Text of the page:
3 Ways Fintech Can Help Your Organisation
In case you’re unfamiliar with it, the fintech industry is all about advancing financial processes through technology, and it’s played a huge role in the growth of online business since the turn of the millennium. It holds more significance today than ever before, in fact, due to the broad repercussions of the COVID-19 pandemic. It’s tech that’s supporting the ailing global economy.
Accordingly, it’s worth asking: how are day-to-day operations being affected by this vital field as we go through such a foundational adjustment? And how can you use fintech to help streamline processes and achieve better results in your own organisation?
1. Fintech can help you balance your accounts
Smart technological investment in general has the effect of making business tasks of all kinds substantially cheaper. Project management tools take much of the time-consuming work from the area of assigning and tracking tasks, for instance, while workload automation smoothly deals with repetitive actions and frees up human resources to go towards more creative efforts.
Even things like IT and cybersecurity can be outsourced more cheaply. Sets of cloud tools sourced via cloud solution distributors (such as Inty) can be deployed within hours, with tools licensed only as needed and updated automatically with no further effort.
What’s more, the cost of many new tools are lower than ever before. Many prices are down due to the COVID-19 pandemic, with SaaS businesses looking to expand their customer bases and able to charge less due to demand.
Fintech, then, is putting the icing on the cake — so to speak — by helping regular companies balance their lightened accounts. Once you’ve slimmed down an operation to make it as efficient as possible, you can do the same to your process of financial management. Receipt loggers such as Zoho Expense can reduce the time spent logging transactions, for example.
Furthermore, fintech geared towards legal compliance (overlapping with ‘regtech’) can eliminate or reduce the need for hiring a legal consultant – take Libryo as an example.
2. Fintech can make payment processing easier
Online payments are absolutely crucial in this digital world. Just as credit and debit cards came along to render cash functionally obsolete in many parts of the globe, digital wallets (whether used through online portals or contactless payments) are now in the ascendancy, and it’s making payments easier for many businesses to manage.
Today, there are many viable online payment gateways to choose from (with many payment methods natively supported), and online sellers can draw upon them to ensure that they have fast, simple and secure payments — with security being a major concern given how uneasy customers can feel about sharing their financial details online.
Given how many companies are relatively unaccustomed to online operation, having pivoted due to the COVID-19 lockdown, the presence of these easy-to-access services has proven absolutely essential. Without them, it would have been vastly harder for business owners to adapt to the challenging circumstances, and many more companies would have failed.
We should also factor in the existence of other fintech tools that can improve the internal running of businesses, such as Hastee, an tool that allows employees to access their pay in the way that best suits them. When employers improve their systems of paying their employees, they find it significantly easier to retain them.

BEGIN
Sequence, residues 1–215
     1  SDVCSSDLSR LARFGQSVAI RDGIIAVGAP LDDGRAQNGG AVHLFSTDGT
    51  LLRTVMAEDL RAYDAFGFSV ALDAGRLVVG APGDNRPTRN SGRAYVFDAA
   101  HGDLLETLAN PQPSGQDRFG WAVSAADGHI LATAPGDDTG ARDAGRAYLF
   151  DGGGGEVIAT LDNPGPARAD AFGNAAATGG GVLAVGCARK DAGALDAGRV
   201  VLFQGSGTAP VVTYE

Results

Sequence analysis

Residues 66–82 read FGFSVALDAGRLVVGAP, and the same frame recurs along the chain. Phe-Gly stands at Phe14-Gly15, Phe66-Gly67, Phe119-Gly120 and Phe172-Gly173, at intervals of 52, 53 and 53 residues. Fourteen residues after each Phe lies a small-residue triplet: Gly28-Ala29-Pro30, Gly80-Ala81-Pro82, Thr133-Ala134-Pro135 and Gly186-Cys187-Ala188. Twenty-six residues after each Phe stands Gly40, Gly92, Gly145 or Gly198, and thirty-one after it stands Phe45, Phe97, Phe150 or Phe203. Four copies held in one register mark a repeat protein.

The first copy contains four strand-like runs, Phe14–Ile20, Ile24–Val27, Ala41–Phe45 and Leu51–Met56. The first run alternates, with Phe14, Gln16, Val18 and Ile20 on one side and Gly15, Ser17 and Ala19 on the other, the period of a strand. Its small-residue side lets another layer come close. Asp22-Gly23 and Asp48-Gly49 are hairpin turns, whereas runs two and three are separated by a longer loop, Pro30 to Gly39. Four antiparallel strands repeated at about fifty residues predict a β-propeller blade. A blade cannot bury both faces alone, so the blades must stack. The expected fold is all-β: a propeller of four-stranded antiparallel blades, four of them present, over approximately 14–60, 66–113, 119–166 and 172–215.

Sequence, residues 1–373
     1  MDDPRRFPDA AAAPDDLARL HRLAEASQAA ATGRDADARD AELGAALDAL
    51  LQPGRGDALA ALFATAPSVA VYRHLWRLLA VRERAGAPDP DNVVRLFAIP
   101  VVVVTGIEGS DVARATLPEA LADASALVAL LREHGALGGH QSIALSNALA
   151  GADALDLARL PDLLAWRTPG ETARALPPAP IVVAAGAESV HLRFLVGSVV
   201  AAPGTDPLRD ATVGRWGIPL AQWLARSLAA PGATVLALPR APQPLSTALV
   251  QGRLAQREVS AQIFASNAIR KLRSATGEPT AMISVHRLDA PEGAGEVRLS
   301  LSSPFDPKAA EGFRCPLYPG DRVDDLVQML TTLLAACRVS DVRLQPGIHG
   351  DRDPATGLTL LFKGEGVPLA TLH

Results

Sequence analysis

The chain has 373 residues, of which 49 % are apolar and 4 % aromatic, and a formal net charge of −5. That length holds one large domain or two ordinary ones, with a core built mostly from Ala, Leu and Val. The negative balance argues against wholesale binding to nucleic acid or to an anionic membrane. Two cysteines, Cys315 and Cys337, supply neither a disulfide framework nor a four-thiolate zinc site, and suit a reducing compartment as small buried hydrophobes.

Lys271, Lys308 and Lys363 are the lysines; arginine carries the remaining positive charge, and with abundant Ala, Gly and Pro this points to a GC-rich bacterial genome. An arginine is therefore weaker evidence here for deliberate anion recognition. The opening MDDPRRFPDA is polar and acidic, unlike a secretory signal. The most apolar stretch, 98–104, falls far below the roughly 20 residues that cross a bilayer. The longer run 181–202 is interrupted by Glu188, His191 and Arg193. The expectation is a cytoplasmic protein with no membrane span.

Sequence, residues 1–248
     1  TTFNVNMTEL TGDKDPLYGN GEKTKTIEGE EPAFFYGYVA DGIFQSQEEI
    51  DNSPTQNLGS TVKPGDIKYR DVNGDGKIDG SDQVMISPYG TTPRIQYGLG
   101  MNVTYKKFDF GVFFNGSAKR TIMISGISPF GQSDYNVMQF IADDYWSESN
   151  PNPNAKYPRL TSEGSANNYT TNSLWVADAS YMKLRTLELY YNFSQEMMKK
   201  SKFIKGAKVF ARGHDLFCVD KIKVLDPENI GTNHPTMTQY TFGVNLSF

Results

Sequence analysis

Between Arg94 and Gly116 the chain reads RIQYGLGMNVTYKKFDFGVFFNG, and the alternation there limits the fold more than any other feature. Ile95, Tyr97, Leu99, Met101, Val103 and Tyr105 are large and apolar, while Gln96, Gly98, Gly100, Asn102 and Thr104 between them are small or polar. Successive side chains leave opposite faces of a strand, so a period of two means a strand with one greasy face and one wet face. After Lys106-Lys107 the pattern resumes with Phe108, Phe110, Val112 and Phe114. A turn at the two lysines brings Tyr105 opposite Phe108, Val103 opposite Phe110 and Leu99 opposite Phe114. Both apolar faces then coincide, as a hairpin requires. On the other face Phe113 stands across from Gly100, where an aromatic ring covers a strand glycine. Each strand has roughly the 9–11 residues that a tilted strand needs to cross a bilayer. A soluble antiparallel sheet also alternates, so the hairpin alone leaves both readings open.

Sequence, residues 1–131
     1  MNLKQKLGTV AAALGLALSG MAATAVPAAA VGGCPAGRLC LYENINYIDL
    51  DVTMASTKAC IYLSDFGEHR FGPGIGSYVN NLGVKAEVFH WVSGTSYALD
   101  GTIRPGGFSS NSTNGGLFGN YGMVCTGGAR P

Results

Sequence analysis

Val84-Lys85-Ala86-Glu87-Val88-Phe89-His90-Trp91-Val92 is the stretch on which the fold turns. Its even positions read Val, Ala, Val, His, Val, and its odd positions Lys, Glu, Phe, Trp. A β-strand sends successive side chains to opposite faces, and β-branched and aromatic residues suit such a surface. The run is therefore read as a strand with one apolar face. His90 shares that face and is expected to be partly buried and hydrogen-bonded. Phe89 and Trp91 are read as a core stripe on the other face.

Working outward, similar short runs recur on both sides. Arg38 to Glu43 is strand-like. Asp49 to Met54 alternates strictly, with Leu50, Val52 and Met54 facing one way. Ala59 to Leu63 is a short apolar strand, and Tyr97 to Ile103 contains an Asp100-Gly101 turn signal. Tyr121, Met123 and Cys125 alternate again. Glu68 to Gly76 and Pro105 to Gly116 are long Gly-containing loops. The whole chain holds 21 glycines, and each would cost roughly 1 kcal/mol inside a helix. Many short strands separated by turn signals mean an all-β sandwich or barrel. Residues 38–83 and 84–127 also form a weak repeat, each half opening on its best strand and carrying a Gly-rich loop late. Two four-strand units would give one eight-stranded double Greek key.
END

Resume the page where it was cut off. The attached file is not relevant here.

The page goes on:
3. Fintech can provide more investment options
Making money is the core goal of most businesses, and for obvious reasons: if you’re not yielding any profit or at least covering all your costs, you can’t keep your business going.
Beyond that, though, comes the question of what to do with the money made. Investing it back in the business makes a lot of sense — but what are the options?
You can spend more on the foundational aspects, buying new hardware and software that might be useful or hiring new employees to take things to the next level. Alternatively, though, there’s the basic matter of financial investment. Like individuals, businesses can often benefit from setting up financial investment portfolios. It’s a good way to maintain emergency funds and make some extra money in the process (assuming all goes well).
This is where fintech wealth management comes in. The rise of robo advisors such as Moneyfarm has massively affected how companies view investment, because it’s no longer strictly necessary to hire investment firms and trust in human investors who can react emotionally and make irrational decisions. AI investors won’t always come out ahead, but they’ll always have comprehensive reasons behind all their actions — and this can be reassuring.
The result is a potent option that falls between leaving money to stagnate in a low-yield savings account and putting it at major risk as part of a manually-handled portfolio. For small business owners with limited time, it’s a huge boon. The more tasks they can handle automatically, the more they can relax and focus on what they bring to their companies, such as leadership, creative direction, and professional networking.
Fintech is a huge field that extends into many parts of the business world, and it’s all but impossible to helm a modern business without relying heavily on some core fintech tools for things like financial management and payment processing — particularly now that the average business has moved into the digital landscape.
If you run a business and you’re not making good use of fintech, think carefully about how you could deploy it to make your operation more efficient. It might take time and effort initially, but the payoff is often well worthwhile.
About the Author
MicroStartups is a business community that celebrates inspiring startups and small businesses of all shapes and sizes. Follow them on Twitter at @getmicrostarted.
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